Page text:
This was a rather light week on my pull list. Only a couple things came out and even fewer of merit. Obviously Batman is one of my top monthly picks right alongside Superman/Wonder Woman.Nightwing, Green Lantern Corps, and Superboy have been quality titles. Coffin Hill is hanging by the thinnest of threads, falling short of the other titles in Vertigo’s new lineup of titles. However, The Royals comes out this week, also from the Vertigo Comics imprint, presenting a very intriguing concept. Here’s how they stacked up:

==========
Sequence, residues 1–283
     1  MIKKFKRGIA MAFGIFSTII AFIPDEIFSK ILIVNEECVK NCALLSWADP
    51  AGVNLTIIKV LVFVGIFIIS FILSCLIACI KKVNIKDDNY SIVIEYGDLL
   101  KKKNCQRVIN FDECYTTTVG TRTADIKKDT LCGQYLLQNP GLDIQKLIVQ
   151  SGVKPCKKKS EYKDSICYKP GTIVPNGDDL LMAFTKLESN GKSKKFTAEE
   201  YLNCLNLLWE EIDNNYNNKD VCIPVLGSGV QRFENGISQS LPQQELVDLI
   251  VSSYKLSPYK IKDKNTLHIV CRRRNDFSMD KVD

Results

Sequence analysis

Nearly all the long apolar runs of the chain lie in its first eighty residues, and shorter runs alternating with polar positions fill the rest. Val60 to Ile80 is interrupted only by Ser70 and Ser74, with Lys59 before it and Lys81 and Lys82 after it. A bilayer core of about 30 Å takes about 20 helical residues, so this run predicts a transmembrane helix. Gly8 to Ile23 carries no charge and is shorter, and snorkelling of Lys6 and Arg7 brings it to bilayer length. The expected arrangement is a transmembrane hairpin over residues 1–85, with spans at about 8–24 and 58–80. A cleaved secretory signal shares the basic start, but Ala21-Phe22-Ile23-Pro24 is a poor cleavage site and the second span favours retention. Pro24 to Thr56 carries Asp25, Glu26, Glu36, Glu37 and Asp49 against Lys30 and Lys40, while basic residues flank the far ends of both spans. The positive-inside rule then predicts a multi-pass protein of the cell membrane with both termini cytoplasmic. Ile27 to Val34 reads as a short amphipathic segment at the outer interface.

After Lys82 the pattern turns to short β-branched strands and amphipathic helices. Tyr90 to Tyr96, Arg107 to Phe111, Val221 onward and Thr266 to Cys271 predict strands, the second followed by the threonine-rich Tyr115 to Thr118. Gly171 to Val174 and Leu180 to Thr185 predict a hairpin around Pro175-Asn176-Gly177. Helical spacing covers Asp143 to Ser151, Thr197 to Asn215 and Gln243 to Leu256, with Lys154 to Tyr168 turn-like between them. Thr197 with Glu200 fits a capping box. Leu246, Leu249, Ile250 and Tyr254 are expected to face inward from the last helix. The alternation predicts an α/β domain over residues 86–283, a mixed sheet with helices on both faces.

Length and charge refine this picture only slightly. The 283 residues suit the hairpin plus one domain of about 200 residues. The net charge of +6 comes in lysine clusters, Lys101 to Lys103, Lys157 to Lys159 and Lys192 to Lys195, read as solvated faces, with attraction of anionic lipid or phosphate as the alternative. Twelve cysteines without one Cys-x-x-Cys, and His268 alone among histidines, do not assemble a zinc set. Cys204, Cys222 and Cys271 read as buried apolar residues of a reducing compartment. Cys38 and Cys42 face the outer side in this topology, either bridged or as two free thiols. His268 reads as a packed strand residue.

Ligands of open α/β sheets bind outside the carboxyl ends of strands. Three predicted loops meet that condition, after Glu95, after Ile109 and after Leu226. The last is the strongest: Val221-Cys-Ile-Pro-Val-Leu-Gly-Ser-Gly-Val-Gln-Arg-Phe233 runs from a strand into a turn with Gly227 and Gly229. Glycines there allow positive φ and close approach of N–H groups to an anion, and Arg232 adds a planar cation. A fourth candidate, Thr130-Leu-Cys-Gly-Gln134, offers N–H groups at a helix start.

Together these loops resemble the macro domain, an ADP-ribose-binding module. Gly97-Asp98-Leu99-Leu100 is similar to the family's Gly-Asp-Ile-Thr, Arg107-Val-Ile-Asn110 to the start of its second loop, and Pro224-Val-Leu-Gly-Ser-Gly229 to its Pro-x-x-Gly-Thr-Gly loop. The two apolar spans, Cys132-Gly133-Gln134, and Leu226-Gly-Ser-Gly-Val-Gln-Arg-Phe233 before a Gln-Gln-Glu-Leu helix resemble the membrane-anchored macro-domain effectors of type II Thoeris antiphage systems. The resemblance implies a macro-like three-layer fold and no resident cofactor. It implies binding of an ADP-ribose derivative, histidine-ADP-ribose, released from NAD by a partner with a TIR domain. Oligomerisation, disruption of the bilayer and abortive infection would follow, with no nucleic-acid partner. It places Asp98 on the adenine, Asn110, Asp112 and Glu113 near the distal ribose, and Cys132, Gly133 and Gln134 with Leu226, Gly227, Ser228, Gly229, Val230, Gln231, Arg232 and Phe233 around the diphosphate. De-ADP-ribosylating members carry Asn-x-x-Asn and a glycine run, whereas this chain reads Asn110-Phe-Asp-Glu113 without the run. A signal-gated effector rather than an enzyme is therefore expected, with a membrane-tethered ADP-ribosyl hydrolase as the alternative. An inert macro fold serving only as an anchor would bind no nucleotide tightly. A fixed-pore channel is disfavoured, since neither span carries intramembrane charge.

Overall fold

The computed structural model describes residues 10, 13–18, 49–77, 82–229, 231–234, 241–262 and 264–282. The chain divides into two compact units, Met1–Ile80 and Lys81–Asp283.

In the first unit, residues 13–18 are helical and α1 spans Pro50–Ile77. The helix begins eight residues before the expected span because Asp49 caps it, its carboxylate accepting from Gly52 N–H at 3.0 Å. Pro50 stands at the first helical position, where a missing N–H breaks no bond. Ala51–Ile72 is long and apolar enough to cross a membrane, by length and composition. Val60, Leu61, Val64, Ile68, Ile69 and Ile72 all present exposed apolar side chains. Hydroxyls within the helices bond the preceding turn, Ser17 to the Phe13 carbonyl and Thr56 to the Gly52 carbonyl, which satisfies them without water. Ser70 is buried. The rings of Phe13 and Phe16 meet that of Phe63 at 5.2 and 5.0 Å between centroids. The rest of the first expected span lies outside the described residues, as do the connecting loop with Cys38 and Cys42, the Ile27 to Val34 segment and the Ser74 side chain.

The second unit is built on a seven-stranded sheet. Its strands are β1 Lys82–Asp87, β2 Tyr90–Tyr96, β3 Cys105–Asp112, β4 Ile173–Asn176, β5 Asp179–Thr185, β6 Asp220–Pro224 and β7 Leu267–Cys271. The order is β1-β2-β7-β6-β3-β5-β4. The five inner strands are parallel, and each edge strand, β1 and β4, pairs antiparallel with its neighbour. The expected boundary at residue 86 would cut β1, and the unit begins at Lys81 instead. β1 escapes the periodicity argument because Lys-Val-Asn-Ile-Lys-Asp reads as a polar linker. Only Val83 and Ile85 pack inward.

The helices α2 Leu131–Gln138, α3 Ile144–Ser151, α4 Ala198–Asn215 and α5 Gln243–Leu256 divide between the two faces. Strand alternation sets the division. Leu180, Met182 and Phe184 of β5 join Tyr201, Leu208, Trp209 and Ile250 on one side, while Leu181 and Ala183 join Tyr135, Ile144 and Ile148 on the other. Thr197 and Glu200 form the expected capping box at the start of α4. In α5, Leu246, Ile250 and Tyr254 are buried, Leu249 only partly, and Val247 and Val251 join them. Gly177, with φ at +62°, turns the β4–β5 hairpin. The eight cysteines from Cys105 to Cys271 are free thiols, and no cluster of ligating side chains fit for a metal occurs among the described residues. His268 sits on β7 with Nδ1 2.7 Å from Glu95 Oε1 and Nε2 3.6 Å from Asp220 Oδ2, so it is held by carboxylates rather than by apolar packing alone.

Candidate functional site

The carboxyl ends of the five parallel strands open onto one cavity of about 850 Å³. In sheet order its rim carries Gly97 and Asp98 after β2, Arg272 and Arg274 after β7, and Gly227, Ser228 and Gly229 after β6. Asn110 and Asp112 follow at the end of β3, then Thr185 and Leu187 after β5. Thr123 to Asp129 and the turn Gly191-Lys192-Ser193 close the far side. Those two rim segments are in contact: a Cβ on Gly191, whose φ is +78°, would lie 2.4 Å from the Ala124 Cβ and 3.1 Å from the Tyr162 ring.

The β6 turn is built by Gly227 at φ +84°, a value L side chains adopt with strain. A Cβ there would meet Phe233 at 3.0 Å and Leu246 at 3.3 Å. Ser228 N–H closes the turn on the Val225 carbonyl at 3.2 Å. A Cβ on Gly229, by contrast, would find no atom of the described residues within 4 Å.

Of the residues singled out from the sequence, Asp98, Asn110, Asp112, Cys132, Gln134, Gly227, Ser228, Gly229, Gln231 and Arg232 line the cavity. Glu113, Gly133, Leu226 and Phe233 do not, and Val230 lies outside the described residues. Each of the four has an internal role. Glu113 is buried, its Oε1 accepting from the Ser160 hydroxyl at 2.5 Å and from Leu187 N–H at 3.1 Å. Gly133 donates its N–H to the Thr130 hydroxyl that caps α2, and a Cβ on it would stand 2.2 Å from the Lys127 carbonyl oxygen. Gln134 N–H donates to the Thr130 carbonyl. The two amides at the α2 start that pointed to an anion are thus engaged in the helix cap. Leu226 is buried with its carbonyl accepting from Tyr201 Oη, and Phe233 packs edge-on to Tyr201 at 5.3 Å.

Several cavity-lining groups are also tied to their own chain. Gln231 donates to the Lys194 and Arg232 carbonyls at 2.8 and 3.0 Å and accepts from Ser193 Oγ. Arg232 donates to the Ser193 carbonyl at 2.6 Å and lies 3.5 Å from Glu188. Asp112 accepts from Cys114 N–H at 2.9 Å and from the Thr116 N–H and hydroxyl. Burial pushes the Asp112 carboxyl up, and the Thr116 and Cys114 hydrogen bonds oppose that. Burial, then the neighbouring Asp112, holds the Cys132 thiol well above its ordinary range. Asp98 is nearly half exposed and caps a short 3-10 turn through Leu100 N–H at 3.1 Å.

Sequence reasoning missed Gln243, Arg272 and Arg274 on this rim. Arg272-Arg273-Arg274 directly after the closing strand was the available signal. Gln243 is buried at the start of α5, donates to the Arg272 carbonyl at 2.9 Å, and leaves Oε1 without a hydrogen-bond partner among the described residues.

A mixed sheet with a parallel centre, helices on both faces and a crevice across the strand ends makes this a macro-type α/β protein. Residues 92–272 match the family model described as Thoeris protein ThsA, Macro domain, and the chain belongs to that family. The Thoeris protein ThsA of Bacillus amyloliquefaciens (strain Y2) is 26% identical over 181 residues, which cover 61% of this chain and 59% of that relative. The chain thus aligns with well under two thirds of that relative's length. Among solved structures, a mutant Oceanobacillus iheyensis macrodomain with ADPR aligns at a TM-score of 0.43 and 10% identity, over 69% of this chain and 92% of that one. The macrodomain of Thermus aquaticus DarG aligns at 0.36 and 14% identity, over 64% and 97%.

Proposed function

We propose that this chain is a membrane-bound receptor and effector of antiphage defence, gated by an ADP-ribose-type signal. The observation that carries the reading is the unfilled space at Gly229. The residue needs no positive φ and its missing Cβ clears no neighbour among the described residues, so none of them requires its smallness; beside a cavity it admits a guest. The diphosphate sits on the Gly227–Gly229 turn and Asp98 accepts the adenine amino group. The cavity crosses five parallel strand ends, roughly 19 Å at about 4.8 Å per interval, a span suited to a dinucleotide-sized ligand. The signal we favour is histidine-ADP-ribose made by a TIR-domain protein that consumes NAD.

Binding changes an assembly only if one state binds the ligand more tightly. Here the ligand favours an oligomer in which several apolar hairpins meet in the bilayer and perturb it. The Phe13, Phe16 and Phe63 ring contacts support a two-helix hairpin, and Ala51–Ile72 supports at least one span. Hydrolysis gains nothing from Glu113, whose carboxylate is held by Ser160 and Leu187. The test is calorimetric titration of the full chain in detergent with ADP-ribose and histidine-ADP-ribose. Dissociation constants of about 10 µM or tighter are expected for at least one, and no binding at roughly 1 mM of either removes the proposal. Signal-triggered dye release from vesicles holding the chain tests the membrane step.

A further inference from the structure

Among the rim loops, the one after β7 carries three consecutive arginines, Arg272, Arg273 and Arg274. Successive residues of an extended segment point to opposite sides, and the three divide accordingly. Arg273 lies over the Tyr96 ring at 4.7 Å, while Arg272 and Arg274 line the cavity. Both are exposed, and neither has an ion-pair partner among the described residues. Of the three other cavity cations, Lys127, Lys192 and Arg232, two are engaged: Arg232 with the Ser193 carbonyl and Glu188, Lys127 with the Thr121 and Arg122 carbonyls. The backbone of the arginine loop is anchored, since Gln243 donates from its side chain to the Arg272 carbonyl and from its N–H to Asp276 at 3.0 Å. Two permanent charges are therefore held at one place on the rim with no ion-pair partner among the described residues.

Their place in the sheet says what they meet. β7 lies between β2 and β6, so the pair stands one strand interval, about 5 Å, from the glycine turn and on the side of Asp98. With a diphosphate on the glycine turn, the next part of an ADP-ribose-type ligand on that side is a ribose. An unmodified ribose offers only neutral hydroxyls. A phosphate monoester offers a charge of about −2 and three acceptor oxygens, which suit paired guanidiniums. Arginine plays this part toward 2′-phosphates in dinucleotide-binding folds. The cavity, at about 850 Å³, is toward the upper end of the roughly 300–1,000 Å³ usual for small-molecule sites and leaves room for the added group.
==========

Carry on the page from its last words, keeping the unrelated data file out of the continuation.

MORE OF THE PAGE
Batman #28has writer Scott Snyder taking yet another break from the current storytelling to tell a tangent story that introduces his Batman Eternal series which hits stores in April. While the unexpected hiatus is annoying after last issue’s tense cliffhanger, the story is intriguing and whets the readers appetite for what to expect from this weekly title, out in two months. Beginning with Harper Row on the mean streets of Gotham after an imposed curfew, she is caught by the cops and taken to a very swanky night club. From here Scott Snyder introduces the atmosphere Gotham is living under. Some mystery condition has beset Gotham, viral or other, that necessitates a cure which the owner of this club has sole access to. The club’s owner and kingpin of the Gotham crime underground is another intriguing twist that maintains Snyder’s reputation as one of the emerging Batman writers of the new millennium. For me personally, there were two elements of the plot that excited me and put my frustration at not getting closure from last issue’s cliffhanger to bed. The first one comes in the form of Harper Row. Harper was introduced by Snyder early on in the rebooted Batman title and then slowly brought to the forefront. She is an incredible, alternative young woman that is intelligent, quick witted, and tough as nails. It was really looking like she was going to be the new Robin following the heartrending departure of Damian Wayne. This is not the case, and while Batman said he wouldn’t allow her into the fold, she does enter the fold in a Robin-esque role, but not under the nom-de-guerre of Batman’s Boy Wonder legacy, of which two girls were once a part. That actually works well for me, because Harper is very different from the other kid sidekicks Batman’s worked with. She is an alternative teen with dyed hair, a septum piercing, and a very distinct style. For all their differences in social class, background, and motivations, Dick, Jason, Tim, Damian, and Barbara all seemed to be different shades of conventionality. Harper is a bird of a different color, both figuratively and nominally with the heroic identity she dons in this issue. What I think really hits for me with Harper is that vast majority of young women I know that are hardcore into the Batman titles are remarkably similar to Harper, not really mirroring Barbara or any of the other female members of the Bat Family. Harper is just really cool and a perfect fit in the re-imagining of the Batman mythos. Apropos the mentioning of female members of the Bat Family and batgirls, the second element of Batman #28 that got me giddy was the introduction of Stephanie Brown, current Spoiler and “once and future” Batgirl, to the New DCU. Dustin Nguyen provides art on the book and does a great job capturing the darkly elegant underworld of the criminal elite in this issue. It’s like a blast from the past back to his days on Batman: Streets of Gotham. Overall a really great issue that has me primed for Batman Eternal.